Seminar khoa hoc
9.00 AM – 10.00 AM: Dr. Nguyen Sy Dung trình bày về: "An Estimate of the Solution for A Class of Fractional-order Differential Inequality and Applying to Controlling Vibration"
Due to the complexly natural attributes of technical systems, reality has been shown that many systems could be modeled more precisely if they are modeled by using fractional calculus and fractionalorder differential equations. Inspired by this advantage, in this work a fractional-order derivative-based sliding mode controller (FD-SMC) for magnetorheological damper based on semi-active vehicle suspensions (MRD-SAVSs) is proposed to make the states of the given system asymptotically stable in the finite time. To show this assertion, a new estimate result for fractional differential inequality is presented to derive an FD-SMC law for the systems of MRD-SAVs. Then, this corresponding fractional-order sliding mode controller is designed to provide robustness, high performance control, finite time convergence in the presence of uncertainties and external disturbances.
10.00 AM - 11.00 AM: Dr. Nguyen Le Minh Tri trình bày: " Synthesis of g-C3N4/ graphene quantum dots hybrid photocatalyst "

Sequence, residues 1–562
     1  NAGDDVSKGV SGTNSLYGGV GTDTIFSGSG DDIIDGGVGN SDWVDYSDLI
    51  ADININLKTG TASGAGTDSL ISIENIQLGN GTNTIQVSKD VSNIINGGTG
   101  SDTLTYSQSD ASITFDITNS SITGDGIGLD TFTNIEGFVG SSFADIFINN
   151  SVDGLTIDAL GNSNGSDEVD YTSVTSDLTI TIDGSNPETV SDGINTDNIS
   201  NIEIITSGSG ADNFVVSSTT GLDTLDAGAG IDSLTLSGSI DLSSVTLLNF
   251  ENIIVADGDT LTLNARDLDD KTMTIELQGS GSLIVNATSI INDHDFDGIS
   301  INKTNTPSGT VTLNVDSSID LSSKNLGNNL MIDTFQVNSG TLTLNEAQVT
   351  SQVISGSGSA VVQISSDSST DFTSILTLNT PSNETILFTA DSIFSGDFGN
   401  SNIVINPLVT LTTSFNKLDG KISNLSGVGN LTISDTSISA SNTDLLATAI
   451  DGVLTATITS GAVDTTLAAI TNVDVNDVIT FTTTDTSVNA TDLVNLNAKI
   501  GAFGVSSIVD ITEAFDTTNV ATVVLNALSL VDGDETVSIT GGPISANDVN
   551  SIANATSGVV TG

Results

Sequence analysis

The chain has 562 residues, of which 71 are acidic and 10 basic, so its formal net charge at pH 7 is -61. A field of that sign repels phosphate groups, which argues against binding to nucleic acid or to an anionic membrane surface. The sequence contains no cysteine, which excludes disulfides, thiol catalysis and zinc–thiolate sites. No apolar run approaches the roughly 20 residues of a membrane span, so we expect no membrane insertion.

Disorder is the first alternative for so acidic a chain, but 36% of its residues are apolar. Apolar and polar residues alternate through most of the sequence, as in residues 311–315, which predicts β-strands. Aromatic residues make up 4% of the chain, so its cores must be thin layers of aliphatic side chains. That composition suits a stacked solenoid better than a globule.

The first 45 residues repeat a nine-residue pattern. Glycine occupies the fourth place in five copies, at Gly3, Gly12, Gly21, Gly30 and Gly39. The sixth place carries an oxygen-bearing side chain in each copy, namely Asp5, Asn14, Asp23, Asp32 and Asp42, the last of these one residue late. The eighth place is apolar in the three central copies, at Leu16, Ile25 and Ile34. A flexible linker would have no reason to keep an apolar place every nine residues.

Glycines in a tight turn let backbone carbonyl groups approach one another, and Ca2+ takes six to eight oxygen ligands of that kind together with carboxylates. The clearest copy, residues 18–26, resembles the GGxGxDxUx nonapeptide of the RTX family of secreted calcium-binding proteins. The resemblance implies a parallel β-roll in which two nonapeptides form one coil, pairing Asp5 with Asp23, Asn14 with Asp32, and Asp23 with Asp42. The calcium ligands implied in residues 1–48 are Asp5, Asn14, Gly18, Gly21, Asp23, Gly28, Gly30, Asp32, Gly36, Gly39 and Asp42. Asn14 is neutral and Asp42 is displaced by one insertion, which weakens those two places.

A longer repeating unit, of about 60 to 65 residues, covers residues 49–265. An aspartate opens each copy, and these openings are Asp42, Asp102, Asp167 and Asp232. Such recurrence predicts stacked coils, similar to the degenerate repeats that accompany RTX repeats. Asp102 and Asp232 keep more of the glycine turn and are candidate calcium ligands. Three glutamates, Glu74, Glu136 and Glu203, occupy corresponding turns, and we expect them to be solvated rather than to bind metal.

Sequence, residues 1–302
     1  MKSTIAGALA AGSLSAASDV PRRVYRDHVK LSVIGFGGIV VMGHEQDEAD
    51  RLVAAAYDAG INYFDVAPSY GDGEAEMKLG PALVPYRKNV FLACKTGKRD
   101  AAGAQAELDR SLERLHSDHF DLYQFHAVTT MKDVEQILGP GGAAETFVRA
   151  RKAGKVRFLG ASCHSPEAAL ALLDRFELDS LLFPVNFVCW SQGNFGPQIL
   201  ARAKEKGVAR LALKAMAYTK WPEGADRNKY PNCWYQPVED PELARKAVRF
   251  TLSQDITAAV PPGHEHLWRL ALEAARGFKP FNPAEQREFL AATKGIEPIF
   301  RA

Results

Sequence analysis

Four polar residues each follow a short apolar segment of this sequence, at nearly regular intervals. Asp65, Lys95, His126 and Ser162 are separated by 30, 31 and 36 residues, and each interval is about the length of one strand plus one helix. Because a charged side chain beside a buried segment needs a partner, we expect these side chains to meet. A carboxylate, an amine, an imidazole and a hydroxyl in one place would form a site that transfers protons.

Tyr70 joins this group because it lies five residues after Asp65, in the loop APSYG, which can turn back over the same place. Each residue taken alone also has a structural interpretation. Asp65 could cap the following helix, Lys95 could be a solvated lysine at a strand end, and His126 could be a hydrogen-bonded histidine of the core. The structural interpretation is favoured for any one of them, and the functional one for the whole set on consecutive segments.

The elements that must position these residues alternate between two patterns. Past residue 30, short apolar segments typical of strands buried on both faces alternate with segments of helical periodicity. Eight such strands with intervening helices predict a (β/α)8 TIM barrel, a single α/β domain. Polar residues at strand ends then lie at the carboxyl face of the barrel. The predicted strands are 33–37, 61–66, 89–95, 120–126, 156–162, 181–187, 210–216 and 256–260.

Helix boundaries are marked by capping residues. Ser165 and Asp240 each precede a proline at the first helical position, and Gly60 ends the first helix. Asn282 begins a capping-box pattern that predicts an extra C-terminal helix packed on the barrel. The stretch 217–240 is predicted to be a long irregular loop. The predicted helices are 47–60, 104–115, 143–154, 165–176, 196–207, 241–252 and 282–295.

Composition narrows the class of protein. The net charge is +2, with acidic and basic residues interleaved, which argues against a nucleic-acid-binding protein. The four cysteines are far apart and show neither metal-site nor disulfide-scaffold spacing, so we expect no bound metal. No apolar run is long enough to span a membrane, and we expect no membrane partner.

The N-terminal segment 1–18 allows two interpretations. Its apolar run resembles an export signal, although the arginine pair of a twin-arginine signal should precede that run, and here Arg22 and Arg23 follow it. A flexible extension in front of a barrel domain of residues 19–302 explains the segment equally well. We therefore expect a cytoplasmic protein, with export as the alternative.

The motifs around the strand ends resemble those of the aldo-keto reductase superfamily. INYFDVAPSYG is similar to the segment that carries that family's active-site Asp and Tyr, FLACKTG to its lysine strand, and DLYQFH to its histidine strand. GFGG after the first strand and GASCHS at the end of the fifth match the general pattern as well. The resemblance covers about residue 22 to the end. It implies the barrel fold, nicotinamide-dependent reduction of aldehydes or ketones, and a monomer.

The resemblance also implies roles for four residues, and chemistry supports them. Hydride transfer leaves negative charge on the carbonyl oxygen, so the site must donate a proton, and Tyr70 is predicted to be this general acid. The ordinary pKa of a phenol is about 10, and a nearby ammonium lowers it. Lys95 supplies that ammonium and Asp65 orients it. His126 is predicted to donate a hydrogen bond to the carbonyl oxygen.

The artificial photosynthesis using photocatalysts to convert CO 2 into useful solar fuels is a promising means of sustainable energy-oriented use. The search for suitable semiconductors as photocatalysts for CO 2 conversion using solar energy is a desirable target of material science. Recently, graphitic carbon nitrides (g-C 3 N 4 ), a metal-free photocatalyst, has received much attention for practical application of CO 2 photocatalytic reduction due to its features of low-cost, easy preparation process, good stability and suitable electronic structure. However, low adsorption of CO 2 , high recombination rate of photo-induced charge carriers and low light utilization result in low photocatalytic CO 2 performance. Herein, we reported a synthesis of a metal-free g-C 3 N 4 / graphene quantum dots hybrid photocatalyst for photocatalytic CO 2 reduction into solar fuels.